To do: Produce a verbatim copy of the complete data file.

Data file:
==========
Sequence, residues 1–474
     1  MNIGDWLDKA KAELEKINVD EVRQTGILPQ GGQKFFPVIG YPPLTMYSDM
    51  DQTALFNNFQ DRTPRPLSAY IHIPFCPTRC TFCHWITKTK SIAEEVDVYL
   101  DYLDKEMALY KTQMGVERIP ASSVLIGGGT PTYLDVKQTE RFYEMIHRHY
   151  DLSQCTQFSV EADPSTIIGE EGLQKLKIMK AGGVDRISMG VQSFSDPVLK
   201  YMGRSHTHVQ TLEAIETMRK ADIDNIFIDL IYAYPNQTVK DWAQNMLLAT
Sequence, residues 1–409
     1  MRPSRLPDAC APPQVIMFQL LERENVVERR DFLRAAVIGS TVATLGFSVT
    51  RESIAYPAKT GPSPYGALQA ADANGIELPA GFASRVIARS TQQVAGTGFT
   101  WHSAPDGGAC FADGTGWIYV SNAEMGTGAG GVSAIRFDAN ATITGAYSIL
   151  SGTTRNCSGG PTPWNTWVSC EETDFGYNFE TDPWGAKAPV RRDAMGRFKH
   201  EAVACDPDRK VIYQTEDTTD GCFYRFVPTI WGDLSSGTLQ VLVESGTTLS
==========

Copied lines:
Sequence, residues 1–474
     1  MNIGDWLDKA KAELEKINVD EVRQTGILPQ GGQKFFPVIG YPPLTMYSDM
    51  DQTALFNNFQ DRTPRPLSAY IHIPFCPTRC TFCHWITKTK SIAEEVDVYL
   101  DYLDKEMALY KTQMGVERIP ASSVLIGGGT PTYLDVKQTE RFYEMIHRHY
   151  DLSQCTQFSV EADPSTIIGE EGLQKLKIMK AGGVDRISMG VQSFSDPVLK
   201  YMGRSHTHVQ TLEAIETMRK ADIDNIFIDL IYAYPNQTVK DWAQNMLLAT
Sequence, residues 1–409
     1  MRPSRLPDAC APPQVIMFQL LERENVVERR DFLRAAVIGS TVATLGFSVT
    51  RESIAYPAKT GPSPYGALQA ADANGIELPA GFASRVIARS TQQVAGTGFT
   101  WHSAPDGGAC FADGTGWIYV SNAEMGTGAG GVSAIRFDAN ATITGAYSIL
   151  SGTTRNCSGG PTPWNTWVSC EETDFGYNFE TDPWGAKAPV RRDAMGRFKH
   201  EAVACDPDRK VIYQTEDTTD GCFYRFVPTI WGDLSSGTLQ VLVESGTTLS